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The Florida state quarter was the 27th coin released in the United States Mint's 50 State Quarters® Program. It was made available to the general public on 29 March 2004. During an approximately 10-week period, the Denver and Philadelphia Mints produced 241,600,000 and 240,200,000 of the quarters, respectively. The coin's order of appearance in the series was derived from the fact that Florida was the 27th state to be admitted to the Union.
This date of the release of the Florida state quarter was in keeping with the intent and goals of the program's overall objectives. The 50 State Quarters® Program was a result of a federal law — The 50 States Commemorative Coin Program Act — passed by the U.S. Congress in 1997. The program was launched in 1999 and authorized the design and manufacture of coins intended to honor each state. Five different state quarters were produced annually over a span of 10 years. Production dates were established that allowed each quarter to be released in the respective order of official statehood or ratification of the state's constitution.
The obverse, or front, of this quarter — as is true of all the coins in the program — features an engraving of George Washington. The words on that side of the coin are "In God We Trust," "United States of America," "Liberty," and "Quarter Dollar." The reverse of the coin holds the specific design that commemorates Florida. These engravings consist of a Spanish galleon, sabal palm trees and the Space Shuttle. Slogans found on the quarter's reverse are "E Pluribus Unum" and "Gateway to Discovery."
The depictions on the reverse of the Florida state quarter represent historical milestones. The galleon is meant to acknowledge Spanish explorers Ponce de León and Hernando DeSoto. Both men explored the state in the 1500s, with the former giving it the name Pascua Florida, which means "flowery Easter." The image of the space shuttle pays homage to Cape Kennedy, the launching point of not only all shuttle flights but also the manned capsules used in the Mercury, Gemini and Apollo programs. The sabal palm was designated the state tree of Florida in 1953.
The person who submitted the winning design for the Florida state quarter was Ralph Butler; the engraver was T. James Farrell. The Florida state quarter weighs 0.2 ounces (about 5.7 g) and has a diameter of about 1 inch (about 24.3 mm). The coin's thickness is 0.07 inches (about 1.8 mm). The quarter's composition is 91.67 percent copper and 8.33 percent nickel.
Frequently Asked Questions
When was the Florida State Quarter released, and what does it commemorate?
The Florida State Quarter was released on March 29, 2004, as part of the United States Mint's 50 State Quarters Program. It commemorates Florida's rich history and its status as the 27th state to join the Union. The quarter features a Spanish galleon, a strip of land with a Sabal palmetto palm tree, and the Space Shuttle, symbolizing Florida's exploration history, its natural environment, and its role in space exploration, respectively.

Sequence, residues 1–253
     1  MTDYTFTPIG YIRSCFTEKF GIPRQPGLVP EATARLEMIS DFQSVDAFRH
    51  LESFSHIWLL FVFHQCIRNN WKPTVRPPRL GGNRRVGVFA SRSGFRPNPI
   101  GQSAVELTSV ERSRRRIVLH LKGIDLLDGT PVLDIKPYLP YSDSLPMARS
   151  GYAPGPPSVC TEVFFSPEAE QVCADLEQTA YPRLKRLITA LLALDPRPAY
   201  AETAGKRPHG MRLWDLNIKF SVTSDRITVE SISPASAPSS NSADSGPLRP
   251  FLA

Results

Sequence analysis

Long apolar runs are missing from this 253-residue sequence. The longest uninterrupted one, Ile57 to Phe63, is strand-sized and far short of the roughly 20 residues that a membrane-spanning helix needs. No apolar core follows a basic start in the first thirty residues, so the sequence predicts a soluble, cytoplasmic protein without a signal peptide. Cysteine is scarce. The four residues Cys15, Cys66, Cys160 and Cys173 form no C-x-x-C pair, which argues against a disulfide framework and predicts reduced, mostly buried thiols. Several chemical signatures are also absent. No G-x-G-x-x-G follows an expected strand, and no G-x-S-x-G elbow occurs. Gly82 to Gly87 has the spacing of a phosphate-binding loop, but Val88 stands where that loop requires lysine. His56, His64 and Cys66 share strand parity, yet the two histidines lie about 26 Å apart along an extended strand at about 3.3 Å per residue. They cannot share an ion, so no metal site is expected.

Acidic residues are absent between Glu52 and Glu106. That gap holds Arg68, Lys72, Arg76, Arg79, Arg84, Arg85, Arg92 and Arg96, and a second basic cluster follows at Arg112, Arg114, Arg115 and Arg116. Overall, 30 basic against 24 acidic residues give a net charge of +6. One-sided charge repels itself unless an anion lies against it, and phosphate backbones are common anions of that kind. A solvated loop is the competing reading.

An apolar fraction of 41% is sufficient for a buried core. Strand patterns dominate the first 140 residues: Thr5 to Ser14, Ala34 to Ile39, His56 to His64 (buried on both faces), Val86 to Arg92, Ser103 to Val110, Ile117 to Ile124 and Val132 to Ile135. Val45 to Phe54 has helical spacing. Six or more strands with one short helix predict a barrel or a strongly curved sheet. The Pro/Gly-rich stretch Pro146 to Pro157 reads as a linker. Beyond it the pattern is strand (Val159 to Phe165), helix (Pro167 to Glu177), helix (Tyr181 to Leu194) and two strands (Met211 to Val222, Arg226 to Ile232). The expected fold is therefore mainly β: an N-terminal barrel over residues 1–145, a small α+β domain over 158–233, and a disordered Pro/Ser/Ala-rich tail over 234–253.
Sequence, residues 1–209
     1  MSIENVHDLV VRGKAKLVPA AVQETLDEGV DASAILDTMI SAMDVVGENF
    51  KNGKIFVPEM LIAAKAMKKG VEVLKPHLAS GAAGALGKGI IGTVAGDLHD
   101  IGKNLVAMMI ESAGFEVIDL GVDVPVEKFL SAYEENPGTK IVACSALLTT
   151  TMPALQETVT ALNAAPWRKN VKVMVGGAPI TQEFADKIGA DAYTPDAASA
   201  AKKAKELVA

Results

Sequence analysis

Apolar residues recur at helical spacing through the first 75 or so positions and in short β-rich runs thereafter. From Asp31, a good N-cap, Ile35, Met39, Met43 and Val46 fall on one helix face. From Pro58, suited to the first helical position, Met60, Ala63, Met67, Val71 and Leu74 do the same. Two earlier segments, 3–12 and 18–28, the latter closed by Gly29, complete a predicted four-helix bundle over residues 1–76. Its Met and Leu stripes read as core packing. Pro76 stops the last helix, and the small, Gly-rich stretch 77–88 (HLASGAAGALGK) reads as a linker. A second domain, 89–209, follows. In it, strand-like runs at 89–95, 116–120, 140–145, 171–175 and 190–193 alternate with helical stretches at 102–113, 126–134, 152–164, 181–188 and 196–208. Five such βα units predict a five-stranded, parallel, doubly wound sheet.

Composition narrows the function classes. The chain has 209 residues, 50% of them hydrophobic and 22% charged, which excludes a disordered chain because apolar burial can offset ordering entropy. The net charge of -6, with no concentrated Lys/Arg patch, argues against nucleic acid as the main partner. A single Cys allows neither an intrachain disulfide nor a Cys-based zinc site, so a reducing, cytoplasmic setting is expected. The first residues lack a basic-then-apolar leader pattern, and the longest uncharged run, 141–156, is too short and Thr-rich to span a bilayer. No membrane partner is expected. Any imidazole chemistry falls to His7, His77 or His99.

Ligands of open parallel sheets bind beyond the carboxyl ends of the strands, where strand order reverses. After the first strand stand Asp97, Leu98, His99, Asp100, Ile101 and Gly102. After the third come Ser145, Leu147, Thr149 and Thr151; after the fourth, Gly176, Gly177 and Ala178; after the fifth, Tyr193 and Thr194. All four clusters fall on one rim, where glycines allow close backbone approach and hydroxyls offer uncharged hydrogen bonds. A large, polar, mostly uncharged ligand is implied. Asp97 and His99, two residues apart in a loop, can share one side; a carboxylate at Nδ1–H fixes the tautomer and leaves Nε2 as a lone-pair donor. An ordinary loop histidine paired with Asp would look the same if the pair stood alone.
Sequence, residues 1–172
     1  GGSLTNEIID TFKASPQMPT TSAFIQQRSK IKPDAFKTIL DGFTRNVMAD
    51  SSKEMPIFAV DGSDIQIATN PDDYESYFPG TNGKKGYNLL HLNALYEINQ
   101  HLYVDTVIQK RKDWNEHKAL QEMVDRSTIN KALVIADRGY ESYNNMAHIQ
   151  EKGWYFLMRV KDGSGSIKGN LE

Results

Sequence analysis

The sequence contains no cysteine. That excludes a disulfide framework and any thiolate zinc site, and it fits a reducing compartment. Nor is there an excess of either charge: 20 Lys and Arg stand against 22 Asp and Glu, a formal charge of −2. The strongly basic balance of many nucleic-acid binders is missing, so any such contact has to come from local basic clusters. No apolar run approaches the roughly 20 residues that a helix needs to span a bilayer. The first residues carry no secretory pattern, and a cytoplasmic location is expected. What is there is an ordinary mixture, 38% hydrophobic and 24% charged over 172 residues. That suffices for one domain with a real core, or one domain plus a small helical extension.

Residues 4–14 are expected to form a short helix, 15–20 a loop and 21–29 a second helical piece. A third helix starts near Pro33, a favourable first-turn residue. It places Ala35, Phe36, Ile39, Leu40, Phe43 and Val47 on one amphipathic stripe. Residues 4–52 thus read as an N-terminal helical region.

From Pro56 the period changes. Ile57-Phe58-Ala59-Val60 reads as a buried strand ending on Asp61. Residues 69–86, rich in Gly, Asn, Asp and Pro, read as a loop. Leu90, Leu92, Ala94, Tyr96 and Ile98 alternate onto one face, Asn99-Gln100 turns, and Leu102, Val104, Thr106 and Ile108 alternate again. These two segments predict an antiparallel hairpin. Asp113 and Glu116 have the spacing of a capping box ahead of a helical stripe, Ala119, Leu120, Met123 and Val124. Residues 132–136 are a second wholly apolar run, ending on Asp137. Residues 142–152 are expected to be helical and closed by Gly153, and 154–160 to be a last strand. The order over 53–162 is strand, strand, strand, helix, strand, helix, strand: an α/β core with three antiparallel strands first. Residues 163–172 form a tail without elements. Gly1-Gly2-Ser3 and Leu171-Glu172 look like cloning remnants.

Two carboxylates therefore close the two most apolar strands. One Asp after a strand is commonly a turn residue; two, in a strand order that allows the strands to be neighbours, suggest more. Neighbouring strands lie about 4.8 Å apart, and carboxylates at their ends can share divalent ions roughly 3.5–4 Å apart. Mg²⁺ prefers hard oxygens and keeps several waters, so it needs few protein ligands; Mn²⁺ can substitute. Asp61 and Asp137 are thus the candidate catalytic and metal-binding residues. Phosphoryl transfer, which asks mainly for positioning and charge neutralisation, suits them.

What are the unique design elements found on the Florida State Quarter?
The Florida State Quarter's design uniquely captures the state's essence through three main elements. Firstly, the Spanish galleon represents Juan Ponce de Le√≥n's discovery of Florida in 1513 and the state's early exploration history. Secondly, the Sabal palmetto palm tree is Florida's state tree and signifies its tropical climate and natural beauty. Lastly, the Space Shuttle illustrates Florida's pivotal role in the nation's space program, with the Kennedy Space Center located on Merritt Island.
Who designed the Florida State Quarter, and how was the design chosen?
The Florida State Quarter was designed by artist T. James Ferrell and was selected through a collaborative process. The final design was chosen by the governor of Florida, Jeb Bush, after considering input from the state's citizens and the Florida Commemorative Quarter Committee. The design reflects Florida's pride in its history, natural beauty, and contributions to space exploration.
How many Florida State Quarters were minted, and are they still available for collection?
According to the United States Mint, a total of 481,800,000 Florida State Quarters were minted across both the Philadelphia and Denver mints. While they are not produced anymore, collectors can still find these quarters through coin dealers, online auctions, and sometimes in circulation. Their availability in uncirculated or proof condition may vary, and prices can differ based on condition and rarity.
What is the significance of the date "1845" on the Florida State Quarter?
The date "1845" inscribed on the Florida State Quarter signifies the year Florida was admitted to the Union as the 27th state. This date is an important part of the state's history, marking its transition from a territory to full statehood. The inclusion of this date on the quarter serves as a tribute to Florida's statehood and its historical journey within the United States.